The Girl and the Elevator

Let me tell you about a romantic escapade of mine…

It was springtime in Los Angeles and I had decided to take up running – a decision I frequently make and often regret.  Upon returning to my apartment after a run, I called for the elevator,  waited many long minutes before realizing it was out of order (as was usually the case), and headed toward the stairs.  That’s when I heard a voice from within the elevator…

“Hello?  Is anyone out there?”

The voice, belonging to a woman, had a petite gentleness to it, but more importantly, it was also distressed.  I turned around and knocked on the elevator.

“Yeah!  I’m out here.  Are you stuck?”
“Yes!  Oh thank goodness.  I rang the emergency phone.  They said they were sending somebody, but it’s been …so long.  Can you find somebody?  Like the manager or a maintenance guy or something?”
“Sure.  I’ll be right back.”

Our manager was painfully neglectful.  Once there was a brawl at a party (in the unit next to my own) which spilled out into the hallway and eventually made its way to the stairwell.  There was still blood splattered on the walls of that stairwell for months.  Contrary to various requests and pleas, the blood did not get cleaned up until just before an inspection visit from the central office, who left none the wiser.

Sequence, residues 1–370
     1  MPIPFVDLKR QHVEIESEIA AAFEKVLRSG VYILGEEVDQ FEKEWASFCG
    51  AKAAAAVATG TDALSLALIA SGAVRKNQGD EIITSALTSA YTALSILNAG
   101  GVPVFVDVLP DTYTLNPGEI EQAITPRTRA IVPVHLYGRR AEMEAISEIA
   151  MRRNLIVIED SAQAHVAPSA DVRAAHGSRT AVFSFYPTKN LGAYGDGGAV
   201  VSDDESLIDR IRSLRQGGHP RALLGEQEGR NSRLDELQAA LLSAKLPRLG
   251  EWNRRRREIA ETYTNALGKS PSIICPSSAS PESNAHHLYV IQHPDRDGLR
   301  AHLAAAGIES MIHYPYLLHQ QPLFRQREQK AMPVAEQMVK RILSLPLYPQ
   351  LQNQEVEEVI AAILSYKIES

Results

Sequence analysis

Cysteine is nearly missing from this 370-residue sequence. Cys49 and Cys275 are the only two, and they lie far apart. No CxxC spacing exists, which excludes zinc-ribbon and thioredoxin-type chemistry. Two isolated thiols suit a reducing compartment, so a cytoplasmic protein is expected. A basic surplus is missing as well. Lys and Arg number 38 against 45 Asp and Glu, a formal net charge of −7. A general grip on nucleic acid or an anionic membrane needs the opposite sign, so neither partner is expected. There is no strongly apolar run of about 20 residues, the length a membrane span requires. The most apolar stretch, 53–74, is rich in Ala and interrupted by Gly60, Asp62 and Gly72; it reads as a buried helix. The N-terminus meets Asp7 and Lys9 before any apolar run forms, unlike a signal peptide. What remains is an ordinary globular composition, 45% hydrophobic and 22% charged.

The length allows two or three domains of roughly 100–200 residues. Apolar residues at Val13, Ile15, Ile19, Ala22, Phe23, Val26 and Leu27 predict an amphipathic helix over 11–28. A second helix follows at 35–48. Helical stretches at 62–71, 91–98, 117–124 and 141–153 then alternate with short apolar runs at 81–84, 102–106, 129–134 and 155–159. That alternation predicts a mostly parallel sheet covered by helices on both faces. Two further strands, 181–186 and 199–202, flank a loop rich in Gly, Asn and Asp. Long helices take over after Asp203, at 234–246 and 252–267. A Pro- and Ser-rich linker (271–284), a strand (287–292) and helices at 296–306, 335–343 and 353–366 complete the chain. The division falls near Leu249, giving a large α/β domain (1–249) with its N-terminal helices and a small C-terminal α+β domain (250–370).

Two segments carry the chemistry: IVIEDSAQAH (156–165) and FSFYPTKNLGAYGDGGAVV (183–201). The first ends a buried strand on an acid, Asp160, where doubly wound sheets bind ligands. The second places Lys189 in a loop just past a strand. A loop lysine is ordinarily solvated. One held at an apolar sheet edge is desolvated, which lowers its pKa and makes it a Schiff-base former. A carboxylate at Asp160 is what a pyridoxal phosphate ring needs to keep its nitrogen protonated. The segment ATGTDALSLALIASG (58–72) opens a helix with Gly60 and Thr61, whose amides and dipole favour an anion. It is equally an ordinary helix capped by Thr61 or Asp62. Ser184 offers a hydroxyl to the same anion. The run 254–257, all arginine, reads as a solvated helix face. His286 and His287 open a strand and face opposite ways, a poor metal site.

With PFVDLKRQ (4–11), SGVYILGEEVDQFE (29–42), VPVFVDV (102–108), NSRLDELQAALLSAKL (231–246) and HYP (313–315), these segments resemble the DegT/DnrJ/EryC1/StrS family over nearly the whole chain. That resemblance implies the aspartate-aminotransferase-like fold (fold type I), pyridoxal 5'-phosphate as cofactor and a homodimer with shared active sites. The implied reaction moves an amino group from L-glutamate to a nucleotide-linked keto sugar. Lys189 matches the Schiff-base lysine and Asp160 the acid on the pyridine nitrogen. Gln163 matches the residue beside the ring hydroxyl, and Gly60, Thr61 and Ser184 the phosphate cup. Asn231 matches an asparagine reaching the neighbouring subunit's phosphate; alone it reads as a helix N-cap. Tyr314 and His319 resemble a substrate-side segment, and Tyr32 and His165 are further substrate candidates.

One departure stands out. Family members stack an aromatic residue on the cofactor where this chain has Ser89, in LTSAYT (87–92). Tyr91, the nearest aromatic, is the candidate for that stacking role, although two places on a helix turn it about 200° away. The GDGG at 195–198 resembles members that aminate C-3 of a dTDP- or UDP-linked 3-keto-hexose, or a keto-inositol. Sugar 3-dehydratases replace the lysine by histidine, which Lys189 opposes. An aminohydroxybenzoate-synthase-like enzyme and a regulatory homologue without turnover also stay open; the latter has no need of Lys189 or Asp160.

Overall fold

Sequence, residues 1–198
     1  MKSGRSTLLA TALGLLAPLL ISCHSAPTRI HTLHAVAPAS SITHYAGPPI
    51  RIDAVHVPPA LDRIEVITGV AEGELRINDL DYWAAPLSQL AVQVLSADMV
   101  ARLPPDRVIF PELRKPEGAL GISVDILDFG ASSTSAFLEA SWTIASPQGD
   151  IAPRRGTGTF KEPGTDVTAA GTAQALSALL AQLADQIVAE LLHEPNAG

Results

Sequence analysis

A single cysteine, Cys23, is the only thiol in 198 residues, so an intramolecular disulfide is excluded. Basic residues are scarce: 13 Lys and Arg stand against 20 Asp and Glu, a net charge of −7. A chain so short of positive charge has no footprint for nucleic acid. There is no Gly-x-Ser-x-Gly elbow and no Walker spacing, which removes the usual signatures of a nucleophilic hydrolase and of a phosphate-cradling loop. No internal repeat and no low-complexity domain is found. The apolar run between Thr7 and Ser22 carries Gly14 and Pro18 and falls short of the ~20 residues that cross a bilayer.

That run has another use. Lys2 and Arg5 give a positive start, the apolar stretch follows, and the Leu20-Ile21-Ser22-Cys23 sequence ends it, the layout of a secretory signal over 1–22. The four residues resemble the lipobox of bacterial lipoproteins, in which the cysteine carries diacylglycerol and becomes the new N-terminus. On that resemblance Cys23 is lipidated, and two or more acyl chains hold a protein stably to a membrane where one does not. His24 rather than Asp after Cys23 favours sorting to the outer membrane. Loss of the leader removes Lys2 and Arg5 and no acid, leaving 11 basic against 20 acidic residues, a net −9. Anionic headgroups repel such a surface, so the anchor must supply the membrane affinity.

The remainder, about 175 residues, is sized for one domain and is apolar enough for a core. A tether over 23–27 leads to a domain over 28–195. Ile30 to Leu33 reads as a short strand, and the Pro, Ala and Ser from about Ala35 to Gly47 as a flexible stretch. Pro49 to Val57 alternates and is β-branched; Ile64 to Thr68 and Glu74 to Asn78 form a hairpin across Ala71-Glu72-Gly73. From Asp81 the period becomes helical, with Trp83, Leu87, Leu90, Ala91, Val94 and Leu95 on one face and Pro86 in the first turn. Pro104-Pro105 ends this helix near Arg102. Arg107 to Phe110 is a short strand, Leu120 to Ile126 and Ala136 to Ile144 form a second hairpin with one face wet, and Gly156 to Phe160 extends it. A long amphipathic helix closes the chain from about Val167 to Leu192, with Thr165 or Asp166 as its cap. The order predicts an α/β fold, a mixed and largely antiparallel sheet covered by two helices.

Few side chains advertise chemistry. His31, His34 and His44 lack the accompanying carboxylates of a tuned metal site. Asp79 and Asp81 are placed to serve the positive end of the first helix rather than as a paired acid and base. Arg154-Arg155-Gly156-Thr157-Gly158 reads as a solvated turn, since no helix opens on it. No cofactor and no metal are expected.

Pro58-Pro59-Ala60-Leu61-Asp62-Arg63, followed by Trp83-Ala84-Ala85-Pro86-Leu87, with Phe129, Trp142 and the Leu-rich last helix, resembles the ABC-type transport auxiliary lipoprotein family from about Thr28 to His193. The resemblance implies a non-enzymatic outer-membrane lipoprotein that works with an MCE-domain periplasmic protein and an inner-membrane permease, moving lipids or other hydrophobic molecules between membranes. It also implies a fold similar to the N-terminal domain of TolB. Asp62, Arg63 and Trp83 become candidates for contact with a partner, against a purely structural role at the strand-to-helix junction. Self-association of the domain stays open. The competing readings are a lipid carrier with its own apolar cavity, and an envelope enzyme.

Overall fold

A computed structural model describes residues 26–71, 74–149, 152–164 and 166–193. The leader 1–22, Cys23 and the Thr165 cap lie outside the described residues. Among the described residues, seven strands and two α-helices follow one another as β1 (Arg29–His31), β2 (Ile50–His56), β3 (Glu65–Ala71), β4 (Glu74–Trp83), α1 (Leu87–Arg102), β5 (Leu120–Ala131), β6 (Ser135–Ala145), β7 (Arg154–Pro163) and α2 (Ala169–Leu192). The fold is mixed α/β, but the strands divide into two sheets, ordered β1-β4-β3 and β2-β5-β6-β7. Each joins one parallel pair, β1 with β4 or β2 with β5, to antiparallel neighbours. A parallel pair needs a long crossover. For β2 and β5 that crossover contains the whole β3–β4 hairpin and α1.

In any case, I knew searching for the elusive manager would prove to be futile, which after knocking on her door and scanning the apartment grounds, it was.  The maintenance guy, who was considerately more responsible, was also out of his office.  I returned to the elevator.

“Hi, it’s me again.”
“Did you find the manager?”
“No, sorry.  The maintenance guy is out too.”
“Oh God… I’m afraid…”
“Hey, listen.  I’m gonna be right here outside the elevator door until someone comes.  If you need to talk, I’m here.  If you need anything, I’ll be here, right outside.”
“Really?  Thank you so much.”
“How are you doing in there?”
“Okay, I guess.  I’m a little claustrophobic.”
“Tell me about yourself.  What’s your name?”
“I’m Quack.  Nice to meet you, Jasmine.”
“Nice to meet you, Quack.”

Perhaps I was all too eagerly taking advantage of the opportunity to become a hero – a knight in shining armor.  I suppose most guys would have jumped at the chance to help a damsel in distress.  I was at the right place and the right time to be there for someone in need, but truth be told – what help could I have really been?  I couldn’t pry open the elevator doors.  All I could do was talk.  But perhaps talking was all I needed to do.